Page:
19. FULTON TAXES ARE VERY HIGH the older prople are crunched and the younger also. ther is nothing left in fulton for the younger people and there children working 2 and 3 jobs ..and so easy to get assistance … we need industry , new stores . aldies would of been good not so many empty buildings …that raise out taxes yes im old and will go down with the ship ( FULTON ) but for the younger people save money leave here get a better life

  20. I would like to thank everyone who commented on my letter to the editor of this publication. I mean EVERYONE, both the positive and the negative. The fact that you even took the time to read and respond to this shows that at least there is still some dialogue to be had in this community. I would encourage all of you, and anyone who happens to read the letter after this posting, to get in the fight and let your voices be heard. A populous who stays silent is a populous who has already lost. You all have a lot to bring to the table, and if you can find the common ground you might be surprised as to what you can accomplish.

    I would also like to give a very special thank you for Mr. Taylor and his response. You proved my point beautifully, and for that I guess I owe you one. I will keep your offer of the fiddle in reserve, and perhaps get back to you on a later date if it is needed. Yes Mr. Taylor, that means me and “my blues” aren’t going away. :-)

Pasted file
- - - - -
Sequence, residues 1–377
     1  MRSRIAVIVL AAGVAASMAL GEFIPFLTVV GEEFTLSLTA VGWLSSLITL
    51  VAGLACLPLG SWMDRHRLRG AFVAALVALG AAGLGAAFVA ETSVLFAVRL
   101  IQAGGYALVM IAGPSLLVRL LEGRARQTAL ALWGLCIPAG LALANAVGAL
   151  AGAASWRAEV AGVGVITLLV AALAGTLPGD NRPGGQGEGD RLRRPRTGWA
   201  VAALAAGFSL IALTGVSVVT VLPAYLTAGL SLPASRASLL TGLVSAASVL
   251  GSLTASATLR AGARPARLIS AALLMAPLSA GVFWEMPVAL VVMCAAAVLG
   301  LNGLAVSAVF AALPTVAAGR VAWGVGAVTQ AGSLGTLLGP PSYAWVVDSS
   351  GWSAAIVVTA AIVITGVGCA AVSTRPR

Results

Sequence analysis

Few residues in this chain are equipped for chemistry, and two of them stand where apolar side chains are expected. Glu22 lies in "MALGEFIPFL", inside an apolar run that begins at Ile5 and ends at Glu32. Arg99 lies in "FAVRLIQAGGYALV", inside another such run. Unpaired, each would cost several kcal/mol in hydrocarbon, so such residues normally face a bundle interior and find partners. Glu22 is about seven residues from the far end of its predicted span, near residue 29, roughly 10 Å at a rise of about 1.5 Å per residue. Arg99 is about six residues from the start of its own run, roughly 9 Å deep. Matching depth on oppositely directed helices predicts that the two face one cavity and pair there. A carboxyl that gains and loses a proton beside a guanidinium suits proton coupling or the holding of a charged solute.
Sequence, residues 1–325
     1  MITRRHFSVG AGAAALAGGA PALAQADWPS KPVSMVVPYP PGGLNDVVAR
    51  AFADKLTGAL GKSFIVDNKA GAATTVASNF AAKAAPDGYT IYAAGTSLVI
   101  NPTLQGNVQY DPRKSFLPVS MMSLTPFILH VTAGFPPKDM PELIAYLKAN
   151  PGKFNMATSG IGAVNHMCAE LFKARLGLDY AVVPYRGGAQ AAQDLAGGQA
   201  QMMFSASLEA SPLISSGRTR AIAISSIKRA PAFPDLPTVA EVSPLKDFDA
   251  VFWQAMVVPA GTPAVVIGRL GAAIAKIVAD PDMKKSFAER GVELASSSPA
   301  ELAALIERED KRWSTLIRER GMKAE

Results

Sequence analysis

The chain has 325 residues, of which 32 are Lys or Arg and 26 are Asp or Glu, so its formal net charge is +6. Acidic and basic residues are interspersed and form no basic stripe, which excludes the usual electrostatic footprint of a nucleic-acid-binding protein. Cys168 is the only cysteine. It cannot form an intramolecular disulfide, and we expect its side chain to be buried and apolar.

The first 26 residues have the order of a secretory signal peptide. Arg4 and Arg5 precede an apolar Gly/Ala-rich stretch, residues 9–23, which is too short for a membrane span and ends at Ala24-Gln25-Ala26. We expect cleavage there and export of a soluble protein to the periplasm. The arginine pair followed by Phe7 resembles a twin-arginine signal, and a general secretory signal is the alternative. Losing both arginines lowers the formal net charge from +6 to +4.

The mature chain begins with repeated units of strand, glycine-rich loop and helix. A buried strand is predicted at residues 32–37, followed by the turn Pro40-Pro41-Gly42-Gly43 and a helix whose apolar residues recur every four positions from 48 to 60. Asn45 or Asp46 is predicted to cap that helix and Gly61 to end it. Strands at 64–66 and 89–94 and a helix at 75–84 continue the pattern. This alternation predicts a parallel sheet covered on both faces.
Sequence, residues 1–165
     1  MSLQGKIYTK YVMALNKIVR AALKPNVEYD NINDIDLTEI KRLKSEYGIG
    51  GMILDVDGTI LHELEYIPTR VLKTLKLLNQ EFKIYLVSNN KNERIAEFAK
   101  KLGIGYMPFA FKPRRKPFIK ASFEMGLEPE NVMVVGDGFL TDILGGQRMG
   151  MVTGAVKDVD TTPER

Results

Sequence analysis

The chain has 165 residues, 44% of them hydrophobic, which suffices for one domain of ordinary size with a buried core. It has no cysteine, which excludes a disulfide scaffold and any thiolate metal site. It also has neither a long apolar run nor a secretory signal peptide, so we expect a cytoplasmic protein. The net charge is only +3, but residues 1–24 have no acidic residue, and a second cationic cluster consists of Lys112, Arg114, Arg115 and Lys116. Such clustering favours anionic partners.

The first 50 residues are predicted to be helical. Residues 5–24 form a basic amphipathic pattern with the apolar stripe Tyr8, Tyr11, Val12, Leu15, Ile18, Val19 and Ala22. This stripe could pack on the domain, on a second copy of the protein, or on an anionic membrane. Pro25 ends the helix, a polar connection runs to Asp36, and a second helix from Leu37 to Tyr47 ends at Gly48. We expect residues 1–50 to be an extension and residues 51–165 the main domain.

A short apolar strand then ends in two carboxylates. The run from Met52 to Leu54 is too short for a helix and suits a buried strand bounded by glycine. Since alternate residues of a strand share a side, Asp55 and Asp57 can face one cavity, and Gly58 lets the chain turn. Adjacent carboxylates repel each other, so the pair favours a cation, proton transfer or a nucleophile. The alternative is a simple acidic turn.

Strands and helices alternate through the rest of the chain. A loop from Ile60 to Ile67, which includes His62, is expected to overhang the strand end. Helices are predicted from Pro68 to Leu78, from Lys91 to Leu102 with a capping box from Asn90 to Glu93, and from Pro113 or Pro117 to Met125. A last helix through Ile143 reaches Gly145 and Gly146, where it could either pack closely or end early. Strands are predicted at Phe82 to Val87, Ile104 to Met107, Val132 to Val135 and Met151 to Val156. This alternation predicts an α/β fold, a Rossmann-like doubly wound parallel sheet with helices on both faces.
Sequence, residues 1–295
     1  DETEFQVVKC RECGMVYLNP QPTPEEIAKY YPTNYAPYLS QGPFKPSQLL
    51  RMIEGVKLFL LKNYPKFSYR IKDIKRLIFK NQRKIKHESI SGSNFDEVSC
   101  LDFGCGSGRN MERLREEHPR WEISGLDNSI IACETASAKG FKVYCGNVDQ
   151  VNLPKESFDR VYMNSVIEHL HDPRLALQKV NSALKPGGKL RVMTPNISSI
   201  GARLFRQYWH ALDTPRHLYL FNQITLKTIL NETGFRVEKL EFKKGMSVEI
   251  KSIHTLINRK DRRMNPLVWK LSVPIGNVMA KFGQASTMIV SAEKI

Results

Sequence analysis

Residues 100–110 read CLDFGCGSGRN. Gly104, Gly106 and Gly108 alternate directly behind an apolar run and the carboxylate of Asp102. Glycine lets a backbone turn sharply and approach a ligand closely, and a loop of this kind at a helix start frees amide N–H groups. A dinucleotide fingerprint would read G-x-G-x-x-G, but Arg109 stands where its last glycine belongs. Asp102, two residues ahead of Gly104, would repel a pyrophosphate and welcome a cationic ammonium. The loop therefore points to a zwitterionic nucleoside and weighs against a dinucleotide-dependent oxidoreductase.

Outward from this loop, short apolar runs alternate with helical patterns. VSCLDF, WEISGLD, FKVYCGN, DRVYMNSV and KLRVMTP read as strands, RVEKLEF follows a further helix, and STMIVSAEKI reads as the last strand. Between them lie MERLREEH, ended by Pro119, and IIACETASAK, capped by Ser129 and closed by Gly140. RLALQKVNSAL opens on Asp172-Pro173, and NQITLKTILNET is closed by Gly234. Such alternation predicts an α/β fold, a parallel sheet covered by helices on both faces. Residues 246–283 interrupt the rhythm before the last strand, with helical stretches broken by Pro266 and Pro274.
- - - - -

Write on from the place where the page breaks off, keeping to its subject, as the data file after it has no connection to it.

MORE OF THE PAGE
Thanks all, and see you around town!


  21. A city needs leadership, but it’s been starved of such for over 20 years. The same tired old face and his kangaroo court have led the city into a non-recoverable nosedive. As others have said, city services should have been consolidated many years ago and mutual aid agreements and MOUs put in place to cover gaps for fire and police coverage after-hours. Another pizzeria isn’t much of an economic driver considering the ton of boring pizza and fast food choices already present.

    It’s time to start condemning and razzing Fulton like Detroit. Speaking of Deteoit, I’m surprised Fulton hasn’t claimed bankruptcy yet. Change city code to limit the amount of out of state property owners who are slum kings. Start enforcing code. The Broken Windows Theory isn’t just a theory – it’s a real social phenomena in Fulton.